Ripple: Bitcoin, minus the insanity
I was interested in Bitcoin in graduate school. I don't remember the sequence of events that clearly, but one thing is clear: I didn't "follow my nose" and buy any Bitcoins back when they were about $1/coin, in 2010. As I dwelled on this sad fact, I also gradually recalled the reason I failed to invest some money in Bitcoins: basically, they were hard to buy.
When I say hard, what I mean is: you can't just charge some Bitcoins to your credit card, and then have them appear in your digital wallet. Instead, you either have to (1) get someone else to give you some Bitcoins (as the official site rather uselessly suggests), or (2) find a bank or financial services company that both takes U.S. wire transfers and has an exchange to allow you to purchase Bitcoins.
Oh, or you could mine them, which involves solving cryptography problems with your graphics card (specifically, finding very small SHA-256 hashes). But even in 2010, that ship had sailed -- if you weren't already mining Bitcoins, the difficulty had already ramped up so much that it just wasn't worth the effort.
So, in spite of my interest, I ended up...not buying Bitcoin. Recently, the exchange rate hit $1000/coin, and I'm clearly an imbecile for not following through on my interest and figuring out how to buy some damn Bitcoins.
This time, I'm determined to follow my nose. And my nose is leading me to an intriguing new online payments system, Ripple.
The technical details behind Ripple are complex, but the idea itself is simple: a distributed online exchange for all kinds of currencies -- both fiat (government-issued) money and the hundreds of digital currencies that have sprung up in the wake of the Bitcoin bubble. Ripple isn't the only online exchange for "real" money conversion into digital money, but it is distinguished by being both distributed and (essentially) free.
Here's what's particularly interesting about Ripple. Ripple is technically just a transaction protocol: it's a social network of "trust" interactions between users. Trust is meant quite literally: using the Ripple client, you specify exactly how much debt you trust each of your contacts for (if any). Trust, in Ripple parlance, is something much more serious than the typical "like" or "friend" links that exist in other social networks, because your trust connections serve as counterparties for transactions you participate in via Ripple. Transactions "ripple" through the network, hence the name.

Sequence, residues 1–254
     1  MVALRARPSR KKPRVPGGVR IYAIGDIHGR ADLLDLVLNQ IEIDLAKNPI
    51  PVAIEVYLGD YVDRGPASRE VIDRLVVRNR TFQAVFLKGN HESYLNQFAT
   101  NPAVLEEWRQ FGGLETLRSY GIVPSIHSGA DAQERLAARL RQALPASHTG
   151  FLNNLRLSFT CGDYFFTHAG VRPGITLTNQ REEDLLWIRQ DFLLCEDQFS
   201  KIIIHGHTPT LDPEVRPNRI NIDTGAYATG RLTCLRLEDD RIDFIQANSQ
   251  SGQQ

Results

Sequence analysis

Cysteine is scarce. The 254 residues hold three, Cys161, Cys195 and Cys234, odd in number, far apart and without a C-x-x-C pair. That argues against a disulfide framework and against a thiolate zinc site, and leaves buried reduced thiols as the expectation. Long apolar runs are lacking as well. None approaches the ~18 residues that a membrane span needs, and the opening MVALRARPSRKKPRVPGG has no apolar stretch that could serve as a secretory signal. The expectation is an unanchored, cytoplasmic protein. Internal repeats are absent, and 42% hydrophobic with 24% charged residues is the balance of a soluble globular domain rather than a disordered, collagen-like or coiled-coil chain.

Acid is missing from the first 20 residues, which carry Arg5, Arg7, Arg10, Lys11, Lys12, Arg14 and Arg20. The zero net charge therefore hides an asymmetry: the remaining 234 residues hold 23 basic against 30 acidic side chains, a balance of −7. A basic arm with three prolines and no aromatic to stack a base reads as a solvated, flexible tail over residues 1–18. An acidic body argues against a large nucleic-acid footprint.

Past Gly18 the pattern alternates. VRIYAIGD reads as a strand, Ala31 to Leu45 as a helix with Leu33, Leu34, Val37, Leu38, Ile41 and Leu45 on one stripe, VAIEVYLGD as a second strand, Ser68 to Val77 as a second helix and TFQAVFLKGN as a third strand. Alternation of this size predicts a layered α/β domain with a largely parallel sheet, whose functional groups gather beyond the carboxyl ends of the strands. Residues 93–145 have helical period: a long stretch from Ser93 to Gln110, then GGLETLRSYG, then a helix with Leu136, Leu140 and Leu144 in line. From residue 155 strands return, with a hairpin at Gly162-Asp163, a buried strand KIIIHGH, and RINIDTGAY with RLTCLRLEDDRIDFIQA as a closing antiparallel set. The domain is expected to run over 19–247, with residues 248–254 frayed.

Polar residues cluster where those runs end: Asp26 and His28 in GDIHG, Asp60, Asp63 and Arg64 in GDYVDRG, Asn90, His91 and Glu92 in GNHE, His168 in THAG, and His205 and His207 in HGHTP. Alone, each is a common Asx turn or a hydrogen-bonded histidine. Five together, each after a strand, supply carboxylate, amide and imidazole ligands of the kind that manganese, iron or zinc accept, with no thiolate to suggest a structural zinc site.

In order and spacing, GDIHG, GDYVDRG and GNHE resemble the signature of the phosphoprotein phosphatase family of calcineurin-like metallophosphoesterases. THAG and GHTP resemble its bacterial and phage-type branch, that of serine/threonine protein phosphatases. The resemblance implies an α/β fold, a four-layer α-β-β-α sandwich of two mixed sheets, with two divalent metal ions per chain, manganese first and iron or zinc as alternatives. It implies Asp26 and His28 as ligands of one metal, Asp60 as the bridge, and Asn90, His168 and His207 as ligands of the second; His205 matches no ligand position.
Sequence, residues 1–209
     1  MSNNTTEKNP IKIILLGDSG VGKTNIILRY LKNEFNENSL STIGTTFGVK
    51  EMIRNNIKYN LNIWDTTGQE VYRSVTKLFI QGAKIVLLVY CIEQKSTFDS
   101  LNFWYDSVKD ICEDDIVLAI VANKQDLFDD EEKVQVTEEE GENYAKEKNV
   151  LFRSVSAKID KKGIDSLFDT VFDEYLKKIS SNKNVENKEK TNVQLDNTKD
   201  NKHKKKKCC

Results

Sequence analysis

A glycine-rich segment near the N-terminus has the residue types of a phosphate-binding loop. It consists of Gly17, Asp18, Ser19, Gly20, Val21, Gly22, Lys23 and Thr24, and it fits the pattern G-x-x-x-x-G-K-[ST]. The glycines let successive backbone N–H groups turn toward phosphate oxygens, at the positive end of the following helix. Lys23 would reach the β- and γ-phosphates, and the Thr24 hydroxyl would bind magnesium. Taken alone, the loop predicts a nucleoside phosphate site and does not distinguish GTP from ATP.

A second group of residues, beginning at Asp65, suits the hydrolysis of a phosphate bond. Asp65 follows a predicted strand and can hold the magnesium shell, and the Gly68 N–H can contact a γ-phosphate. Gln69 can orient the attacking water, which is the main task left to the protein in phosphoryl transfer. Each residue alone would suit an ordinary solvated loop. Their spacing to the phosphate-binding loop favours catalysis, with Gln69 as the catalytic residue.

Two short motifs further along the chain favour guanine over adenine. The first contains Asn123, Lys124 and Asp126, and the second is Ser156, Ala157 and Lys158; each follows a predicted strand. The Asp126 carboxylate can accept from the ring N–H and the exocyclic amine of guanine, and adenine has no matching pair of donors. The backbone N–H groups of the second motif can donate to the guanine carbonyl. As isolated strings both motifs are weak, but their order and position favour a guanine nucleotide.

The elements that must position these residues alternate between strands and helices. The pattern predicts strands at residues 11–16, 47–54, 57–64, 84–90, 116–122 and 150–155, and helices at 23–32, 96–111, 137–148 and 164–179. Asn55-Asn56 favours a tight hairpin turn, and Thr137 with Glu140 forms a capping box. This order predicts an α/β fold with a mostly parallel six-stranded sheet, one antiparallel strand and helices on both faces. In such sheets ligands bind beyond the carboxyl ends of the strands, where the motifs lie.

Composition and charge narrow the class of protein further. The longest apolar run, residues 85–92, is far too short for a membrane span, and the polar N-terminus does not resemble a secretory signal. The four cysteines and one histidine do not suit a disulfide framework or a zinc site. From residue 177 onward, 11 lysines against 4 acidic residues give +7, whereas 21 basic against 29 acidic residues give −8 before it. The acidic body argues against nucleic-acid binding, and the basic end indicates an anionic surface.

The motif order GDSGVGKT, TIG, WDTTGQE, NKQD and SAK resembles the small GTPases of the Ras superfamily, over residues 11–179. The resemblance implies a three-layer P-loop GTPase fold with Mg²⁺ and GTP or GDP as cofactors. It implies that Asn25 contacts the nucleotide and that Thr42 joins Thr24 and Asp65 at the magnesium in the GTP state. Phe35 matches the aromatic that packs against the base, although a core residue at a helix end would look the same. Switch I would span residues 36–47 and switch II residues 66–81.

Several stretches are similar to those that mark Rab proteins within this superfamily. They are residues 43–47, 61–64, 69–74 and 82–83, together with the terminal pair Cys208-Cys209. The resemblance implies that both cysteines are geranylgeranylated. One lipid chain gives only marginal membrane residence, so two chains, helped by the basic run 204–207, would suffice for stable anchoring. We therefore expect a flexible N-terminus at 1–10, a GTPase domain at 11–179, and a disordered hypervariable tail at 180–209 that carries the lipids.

However, setting up transactions betwen users of different (and possibly rare) currencies can be difficult because of illiquid markets, a problem that has historically plagued Bitcoin. Ripple has an interesting approach to this problem. It provides a protocol for moving around money in any currency, but it has its own internal currency, XRP, issued by Ripple Labs, the SF-based company that created Ripple. (The total amount of XRP is fixed, at 100 billion, which all already exists; XRP is quite different from crypto-currencies in that it is not mined.) The initial function of XRP is to serve as an intermediate for currency conversion, and transactions conducted in XRPs clear almost instantly. The intention of Ripple Labs is for XRP to become a sort of lingua franca of currency transfer. Think of them like bank wires, except they're instant and free.
Sound interesting? Here's a twist: right now, the XRP/dollar exchange rate roughly tracks the Bitcoin/dollar exchange rate. This makes sense, because digital currencies are experiencing a wild speculative bubble at the moment, and people just entering the system naturally tend to view the various competing currencies as being functionally equivalent. But, in reality, XRP is quite different, because the XRP supply is controlled by Ripple Labs. This dismays many Bitcoin diehards on philosophical grounds, because it means that there is some degree of central control over the system. However, from an investment perspective, it means that XRP has the possibility of behaving like an actual currency, because, like fiat currencies, the money supply can be rationally controlled. Bitcoins -- and the many imitators of Bitcoins -- are doomed to continue their wild exchange rate fluctuations, because they are in reality commodities, rather than currencies. And, there's a reason we conduct transactions in dollars rather than in barrels of oil!
Anyway, so, long story short: I bought some XRP, and I'm pretty happy with my decision, and the fact that I actually followed through this time. We'll see if it ends up being worth anything...
Want to get some XRP, and/or participate in the madness? The official Ripple site has a lot of information about getting started. It is possible to purchase XRP via "gateway" sites, such as JustCoin, SnapSwap and Peercover (which seems to have fixed its security issues). However, at the moment, the easiest way to get some XRP is actually to "get someone to give some to you" (as silly as that sounds) -- there are XRP giveaways regularly being held, which are announced through the Ripple Forum and XRP Talk Forum.